What is neoadjuvant therapy?
In some cases, treatment with chemotherapy, HER2-targeted therapy or hormone therapy may be given before breast surgery. When treatment is given before surgery, it’s called neoadjuvant therapy or preoperative therapy.
Neoadjuvant therapy drugs are often the same as adjuvant therapy drugs (those used after surgery).
Before you begin neoadjuvant therapy, talk with your health care provider about possible side effects and how to manage them.
What to expect before neoadjuvant therapy
A needle biopsy is used to diagnose breast cancer. It removes a small amount of tumor tissue.
A clip is often placed in the tumor bed during the biopsy so the tumor can be found later when you have surgery. This clip is radio-opaque, so it can be seen on an X-ray. It’s usually removed during surgery.
If your treatment plan includes chemotherapy, neoadjuvant chemotherapy may be an option as a first treatment.
Chemotherapy has the same effectiveness whether it’s given before surgery or after surgery. The timing of chemotherapy around surgery does not affect survival (learn more).
However, for some people, neoadjuvant chemotherapy may change their surgical options. Neoadjuvant chemotherapy may be able to shrink a large tumor enough so lumpectomy (plus radiation therapy) becomes an option instead of mastectomy .
Neoadjuvant chemotherapy may also be given to people who have enlarged lymph nodes in the underarm area due to the spread of breast cancer to these lymph nodes. Neoadjuvant therapy can shrink the lymph nodes. This makes the surgery to remove the nodes easier.
In some cases, response to neoadjuvant chemotherapy can help guide treatment after breast cancer surgery.
Most tumors respond to neoadjuvant chemotherapy. If a tumor doesn’t respond to one chemotherapy drug regimen, a different combination of drugs may be used, or it may be best to proceed with surgery.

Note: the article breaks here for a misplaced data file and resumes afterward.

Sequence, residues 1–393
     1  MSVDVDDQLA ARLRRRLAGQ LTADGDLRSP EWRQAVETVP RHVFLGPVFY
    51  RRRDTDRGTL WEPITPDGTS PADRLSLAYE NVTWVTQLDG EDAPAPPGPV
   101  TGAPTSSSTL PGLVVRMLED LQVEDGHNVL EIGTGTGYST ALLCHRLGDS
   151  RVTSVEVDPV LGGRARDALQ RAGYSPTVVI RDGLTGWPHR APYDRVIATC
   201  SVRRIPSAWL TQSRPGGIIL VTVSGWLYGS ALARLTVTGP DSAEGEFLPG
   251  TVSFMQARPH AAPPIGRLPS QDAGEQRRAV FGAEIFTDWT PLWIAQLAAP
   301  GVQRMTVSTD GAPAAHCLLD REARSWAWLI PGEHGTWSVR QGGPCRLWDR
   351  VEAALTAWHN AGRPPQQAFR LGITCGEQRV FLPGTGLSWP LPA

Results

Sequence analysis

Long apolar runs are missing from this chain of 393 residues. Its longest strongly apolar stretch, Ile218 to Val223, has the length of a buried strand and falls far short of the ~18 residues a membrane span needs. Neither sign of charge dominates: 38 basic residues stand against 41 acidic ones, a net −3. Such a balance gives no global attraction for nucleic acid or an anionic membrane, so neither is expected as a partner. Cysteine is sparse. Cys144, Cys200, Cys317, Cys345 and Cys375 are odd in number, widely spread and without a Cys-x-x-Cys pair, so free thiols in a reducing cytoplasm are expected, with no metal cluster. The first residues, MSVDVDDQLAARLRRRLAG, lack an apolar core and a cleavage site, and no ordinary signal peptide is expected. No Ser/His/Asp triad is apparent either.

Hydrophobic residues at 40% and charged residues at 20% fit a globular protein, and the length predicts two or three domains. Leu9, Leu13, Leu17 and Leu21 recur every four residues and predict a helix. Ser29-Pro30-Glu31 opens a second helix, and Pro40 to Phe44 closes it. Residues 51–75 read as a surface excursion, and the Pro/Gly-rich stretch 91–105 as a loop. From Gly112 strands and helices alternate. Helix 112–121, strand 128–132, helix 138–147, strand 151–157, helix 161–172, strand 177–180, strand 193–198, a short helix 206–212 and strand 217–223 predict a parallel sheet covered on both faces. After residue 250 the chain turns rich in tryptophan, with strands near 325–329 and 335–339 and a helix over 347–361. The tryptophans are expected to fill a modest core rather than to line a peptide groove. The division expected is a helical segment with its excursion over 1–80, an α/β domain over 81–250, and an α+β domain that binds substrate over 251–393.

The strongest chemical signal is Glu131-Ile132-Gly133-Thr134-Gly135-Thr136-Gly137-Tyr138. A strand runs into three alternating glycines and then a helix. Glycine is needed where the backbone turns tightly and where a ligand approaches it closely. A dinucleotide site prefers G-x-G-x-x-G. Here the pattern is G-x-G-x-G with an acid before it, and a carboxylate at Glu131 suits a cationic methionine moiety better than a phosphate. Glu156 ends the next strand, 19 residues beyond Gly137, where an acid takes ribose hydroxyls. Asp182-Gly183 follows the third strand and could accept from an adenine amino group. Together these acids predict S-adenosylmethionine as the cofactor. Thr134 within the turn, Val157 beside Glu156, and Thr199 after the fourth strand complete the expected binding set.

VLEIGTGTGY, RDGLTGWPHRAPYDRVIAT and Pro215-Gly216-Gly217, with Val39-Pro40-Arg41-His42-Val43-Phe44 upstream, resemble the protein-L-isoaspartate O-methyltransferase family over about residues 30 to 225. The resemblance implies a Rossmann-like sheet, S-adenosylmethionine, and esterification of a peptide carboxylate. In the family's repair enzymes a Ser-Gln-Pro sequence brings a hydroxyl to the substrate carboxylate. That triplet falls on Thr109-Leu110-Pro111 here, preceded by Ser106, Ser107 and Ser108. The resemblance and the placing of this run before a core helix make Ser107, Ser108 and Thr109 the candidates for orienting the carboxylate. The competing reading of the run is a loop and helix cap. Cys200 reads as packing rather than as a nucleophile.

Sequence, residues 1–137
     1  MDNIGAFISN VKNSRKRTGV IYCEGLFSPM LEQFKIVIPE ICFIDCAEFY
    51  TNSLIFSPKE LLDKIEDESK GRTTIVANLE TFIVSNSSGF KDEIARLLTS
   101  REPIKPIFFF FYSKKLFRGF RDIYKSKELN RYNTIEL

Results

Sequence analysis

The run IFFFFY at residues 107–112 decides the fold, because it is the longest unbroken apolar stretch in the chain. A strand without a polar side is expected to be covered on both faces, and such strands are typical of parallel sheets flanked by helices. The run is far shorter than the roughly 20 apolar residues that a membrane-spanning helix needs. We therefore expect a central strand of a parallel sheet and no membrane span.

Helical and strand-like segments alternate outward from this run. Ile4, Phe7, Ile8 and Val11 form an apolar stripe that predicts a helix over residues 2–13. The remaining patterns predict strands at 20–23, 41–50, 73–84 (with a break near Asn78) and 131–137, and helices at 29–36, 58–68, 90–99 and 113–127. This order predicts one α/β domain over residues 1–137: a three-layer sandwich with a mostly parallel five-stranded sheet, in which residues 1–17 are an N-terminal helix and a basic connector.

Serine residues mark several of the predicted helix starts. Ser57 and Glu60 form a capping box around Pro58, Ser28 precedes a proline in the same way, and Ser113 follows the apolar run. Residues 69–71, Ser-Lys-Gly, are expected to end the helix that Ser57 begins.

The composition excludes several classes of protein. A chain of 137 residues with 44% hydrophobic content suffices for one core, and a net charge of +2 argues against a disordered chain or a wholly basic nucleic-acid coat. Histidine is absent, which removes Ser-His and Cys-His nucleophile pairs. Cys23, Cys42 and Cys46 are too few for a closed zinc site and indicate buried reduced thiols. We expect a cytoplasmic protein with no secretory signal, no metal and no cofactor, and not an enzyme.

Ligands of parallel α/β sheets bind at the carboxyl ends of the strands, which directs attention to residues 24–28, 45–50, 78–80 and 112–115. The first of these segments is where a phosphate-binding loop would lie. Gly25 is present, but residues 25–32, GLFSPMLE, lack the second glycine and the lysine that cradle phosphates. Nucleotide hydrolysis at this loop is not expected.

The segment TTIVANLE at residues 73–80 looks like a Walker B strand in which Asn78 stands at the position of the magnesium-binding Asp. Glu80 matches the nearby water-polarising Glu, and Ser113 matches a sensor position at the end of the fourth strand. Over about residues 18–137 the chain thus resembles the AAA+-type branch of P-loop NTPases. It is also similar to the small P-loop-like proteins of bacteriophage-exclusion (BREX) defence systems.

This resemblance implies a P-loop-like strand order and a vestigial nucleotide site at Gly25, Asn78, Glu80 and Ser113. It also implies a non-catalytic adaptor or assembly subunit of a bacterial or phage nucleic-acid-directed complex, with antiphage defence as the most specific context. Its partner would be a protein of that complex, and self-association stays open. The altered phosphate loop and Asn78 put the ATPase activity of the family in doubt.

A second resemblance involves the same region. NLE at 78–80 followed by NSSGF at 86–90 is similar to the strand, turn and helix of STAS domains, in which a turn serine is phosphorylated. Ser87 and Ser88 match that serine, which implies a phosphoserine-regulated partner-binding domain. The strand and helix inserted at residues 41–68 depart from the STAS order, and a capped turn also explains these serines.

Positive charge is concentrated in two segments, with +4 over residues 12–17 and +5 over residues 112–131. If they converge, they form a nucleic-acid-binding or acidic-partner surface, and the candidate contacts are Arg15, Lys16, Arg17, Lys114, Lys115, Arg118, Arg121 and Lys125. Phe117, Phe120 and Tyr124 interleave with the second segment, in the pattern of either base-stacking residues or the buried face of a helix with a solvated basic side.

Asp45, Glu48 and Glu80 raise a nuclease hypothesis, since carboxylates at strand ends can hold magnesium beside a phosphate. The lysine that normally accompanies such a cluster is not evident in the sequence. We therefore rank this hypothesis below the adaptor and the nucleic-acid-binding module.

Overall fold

Types of neoadjuvant chemotherapy regimens
Neoadjuvant chemotherapy regimens are the same as the standard regimens used after surgery. Most are anthracycline-based or taxane-based therapies.
For HER2-positive tumors, neoadjuvant therapy usually includes a combination of chemotherapy and the HER2-targeted therapy drugs trastuzumab (Herceptin) and pertuzumab (Perjeta).
For some triple negative tumors (those that are hormone receptor-negative and HER2-negative) at high risk of recurrence, neoadjuvant therapy may include the immunotherapy drug pembrolizumab (Keytruda).
Learn more about neoadjuvant trastuzumab and pertuzumab.
Learn more about neoadjuvant pembrolizumab.
Learn more about chemotherapy drugs.
Learn more about HER2 status.
Breast cancer recurrence and survival with neoadjuvant chemotherapy
A meta-analysis that combined the results of 12 studies found no difference in rates of breast cancer recurrence or overall survival in women who had neoadjuvant chemotherapy versus those who had adjuvant chemotherapy .
Learn more about lumpectomy versus mastectomy and survival.
Triple negative breast cancer
Some people with triple negative breast cancer have cancer remaining in their breast after neoadjuvant chemotherapy. In these cases, treatment with the chemotherapy drug capecitabine after breast cancer surgery may lower the risk of recurrence and improve survival .
For a summary of research studies on neoadjuvant chemotherapy, visit the Breast Cancer Research Studies section.
Neoadjuvant hormone therapy
Neoadjuvant hormone therapy is only used to treat hormone receptor-positive (estrogen receptor-positive and/or progesterone receptor-positive) breast cancers.
Neoadjuvant hormone therapy (usually with an aromatase inhibitor in postmenopausal women) may change a person’s surgical options. It may be able to shrink a large tumor enough so lumpectomy plus radiation therapy becomes an option instead of mastectomy . In some cases, response to neoadjuvant hormone therapy can help guide treatment after breast cancer surgery.
It’s an option for some postmenopausal women, including those who can’t have chemotherapy due to health problems or advanced age, and for some women who have a very low risk of breast cancer recurrence .
Survival is the same whether you start taking hormone therapy before surgery or after surgery.
Hormone receptor-positive breast cancers can be treated with neoadjuvant chemotherapy or neoadjuvant hormone therapy. Researchers are studying how to choose between neoadjuvant chemotherapy and neoadjuvant hormone therapy when treating hormone receptor-positive breast cancers.